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ROSICA: Black Pastors Call on Shapiro to Enact Lifeline Scholarships

(This column first appeared in Broad + Liberty.

Black pastors from across the state held a press conference at the Capitol this week, calling on Governor Shapiro to “courageously lead us beyond the toxic, bipartisan politics and preferences that undermine a quality education for every child in Pennsylvania.”

Led by the Black Pastors United for Education, a network of non-sectarian, bipartisan pastors and congregations, the group’s founder, Reverend Joshua C. Robertson, presented an open letter to the Governor, signed by sixty pastors across the Commonwealth.

The rotunda was filled with pastors, parents, and students for the press conference where Rev. Robertson passionately called on lawmakers to put politics aside and focus on children and their education.

“Lawmakers should not be beholden to unions, school districts, special interest groups, lobbyists, and beyond. We need lawmakers to put Pennsylvania students at the center of their decision.”


Robertson then read the letter to Governor Shapiro asking him to fully fund public schools, enact Lifeline scholarships for children in the state’s lowest performing schools, and oppose cuts to public cyber charter schools.

The letter details the three requests:

  1. Fully and properly fund our public schools. We want to be part of a robust conversation that includes several groups and results in a multi-year strategy and commitment to properly invest, sustain, and secure funding for our public schools. We recognize the need for high-quality traditional public schools.
  2. Enact Lifeline Scholarships for children in Pennsylvania’s lowest-performing schools. These scholarships open doors, provide access, extend relief, and empower our communities to build schools and education environments that work for our kids.
  3. Oppose cuts to public cyber charter schools. In Pennsylvania, public charter schools and cyber charter schools educate and serve a higher percentage of low-income and non-white students than traditional school districts. Our parents are choosing cyber charter schools as the only free alternative educational option for their children.

In an interview after the event, Robertson elaborated on the requests in the letter. Specifically on the call for fully funding public schools, he said, “money doesn’t solve everything. We need to change the pedagogy of teaching because it is not currently working for many students.”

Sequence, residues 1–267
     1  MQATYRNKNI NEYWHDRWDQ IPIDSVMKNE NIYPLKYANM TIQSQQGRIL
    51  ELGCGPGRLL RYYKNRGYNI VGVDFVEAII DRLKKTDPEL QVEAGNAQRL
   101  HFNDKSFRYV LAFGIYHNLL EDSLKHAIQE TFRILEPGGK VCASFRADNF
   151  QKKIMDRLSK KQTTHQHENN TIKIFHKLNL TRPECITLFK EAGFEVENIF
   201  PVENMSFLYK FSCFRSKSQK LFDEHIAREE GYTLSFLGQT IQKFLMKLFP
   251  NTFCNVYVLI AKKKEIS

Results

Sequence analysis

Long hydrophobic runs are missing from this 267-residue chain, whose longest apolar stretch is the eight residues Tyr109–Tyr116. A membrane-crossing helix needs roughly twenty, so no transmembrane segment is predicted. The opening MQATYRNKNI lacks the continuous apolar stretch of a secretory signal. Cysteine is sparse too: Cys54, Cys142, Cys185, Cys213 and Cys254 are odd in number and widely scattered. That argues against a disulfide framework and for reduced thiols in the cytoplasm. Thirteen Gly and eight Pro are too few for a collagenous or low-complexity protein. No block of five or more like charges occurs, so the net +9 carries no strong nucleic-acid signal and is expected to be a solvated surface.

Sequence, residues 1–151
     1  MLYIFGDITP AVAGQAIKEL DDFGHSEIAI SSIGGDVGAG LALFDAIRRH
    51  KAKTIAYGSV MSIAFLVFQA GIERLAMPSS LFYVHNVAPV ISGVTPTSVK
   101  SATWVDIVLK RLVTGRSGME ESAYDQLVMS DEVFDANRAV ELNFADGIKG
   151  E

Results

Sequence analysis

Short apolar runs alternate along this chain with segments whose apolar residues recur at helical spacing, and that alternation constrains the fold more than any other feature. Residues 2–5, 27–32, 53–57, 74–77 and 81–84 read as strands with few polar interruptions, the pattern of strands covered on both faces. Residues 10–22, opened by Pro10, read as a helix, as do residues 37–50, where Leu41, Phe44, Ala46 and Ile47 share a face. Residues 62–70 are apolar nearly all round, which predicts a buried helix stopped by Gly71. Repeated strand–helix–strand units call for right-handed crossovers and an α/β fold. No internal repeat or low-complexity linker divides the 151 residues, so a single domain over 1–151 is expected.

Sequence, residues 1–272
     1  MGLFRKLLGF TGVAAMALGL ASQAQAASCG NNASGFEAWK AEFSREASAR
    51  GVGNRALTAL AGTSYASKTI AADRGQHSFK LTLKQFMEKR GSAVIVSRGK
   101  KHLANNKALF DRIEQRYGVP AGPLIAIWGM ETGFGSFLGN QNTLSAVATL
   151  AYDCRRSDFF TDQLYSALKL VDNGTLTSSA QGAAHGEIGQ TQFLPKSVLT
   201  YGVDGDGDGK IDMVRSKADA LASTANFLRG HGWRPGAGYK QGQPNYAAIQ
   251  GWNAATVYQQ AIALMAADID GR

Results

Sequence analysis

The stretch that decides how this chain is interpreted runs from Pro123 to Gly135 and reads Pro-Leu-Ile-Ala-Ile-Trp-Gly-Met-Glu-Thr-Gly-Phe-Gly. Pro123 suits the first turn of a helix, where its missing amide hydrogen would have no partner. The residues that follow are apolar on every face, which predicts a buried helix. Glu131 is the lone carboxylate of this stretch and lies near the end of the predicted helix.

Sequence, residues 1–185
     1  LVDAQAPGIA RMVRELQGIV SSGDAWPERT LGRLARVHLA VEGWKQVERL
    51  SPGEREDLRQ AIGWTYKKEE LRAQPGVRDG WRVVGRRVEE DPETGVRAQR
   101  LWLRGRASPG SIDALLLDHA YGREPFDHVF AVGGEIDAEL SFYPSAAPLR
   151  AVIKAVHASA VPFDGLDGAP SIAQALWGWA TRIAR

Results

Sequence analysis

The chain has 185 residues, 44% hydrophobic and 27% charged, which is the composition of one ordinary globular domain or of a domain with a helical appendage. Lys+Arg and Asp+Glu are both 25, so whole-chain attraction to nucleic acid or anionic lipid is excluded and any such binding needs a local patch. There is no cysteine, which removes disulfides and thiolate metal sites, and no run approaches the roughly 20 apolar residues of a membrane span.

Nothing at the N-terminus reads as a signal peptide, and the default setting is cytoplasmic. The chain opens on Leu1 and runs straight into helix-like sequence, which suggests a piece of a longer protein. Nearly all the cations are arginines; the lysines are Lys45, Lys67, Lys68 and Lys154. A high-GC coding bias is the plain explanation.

He and his coalition want to change the way that schools are teaching to ensure that students are prepared for a career, the military, or college. Robertson wants to be part of a “robust conversation” to address the fact that approximately half of Pennsylvania students are not proficient in reading and math.

Black Pastors United for Education are immediately focused on the students in the lowest performing schools. Robertson said that they “need to stop the bleeding.” He described a recent incident in Harrisburg where a nineteen-year-old pregnant woman was shot and killed. In his words, “education plays a direct role.”

A recent high school graduate spoke at the press conference about the impact of educational freedom in her life. She, too, worried about the violence and bullying in the public school system and thrived in the Rock City Learning Center, run by Reverend Robertson’s church. The young woman is headed to college in the Fall.

Robertson also said that it is imperative that charter school funding is not cut. For families who cannot afford private schools, charter and cyber charter schools are the only affordable option. He acknowledged that the system for funding charter schools may need to be addressed, but the answer is not cutting the funding.

He challenged public schools to offer an education that parents want.

Almost a year ago, Governor Shapiro declared, “every child of God deserves a quality education.” Despite his sentiments, he yielded his power to veto the Lifeline Scholarships, newly branded as the Pennsylvania Award for Student Success (PASS).

Speculations remain whether Shapiro and other Democrats were beholden to the special interest groups that Robertson mentioned.

Now, the governor has another opportunity to fulfill his campaign promises, and more importantly, ensure that every child has access to a quality education regardless of their zip code.

Let’s hope for the sake of our children that Shapiro puts “toxic politics” aside and grants “every child of God a quality education.”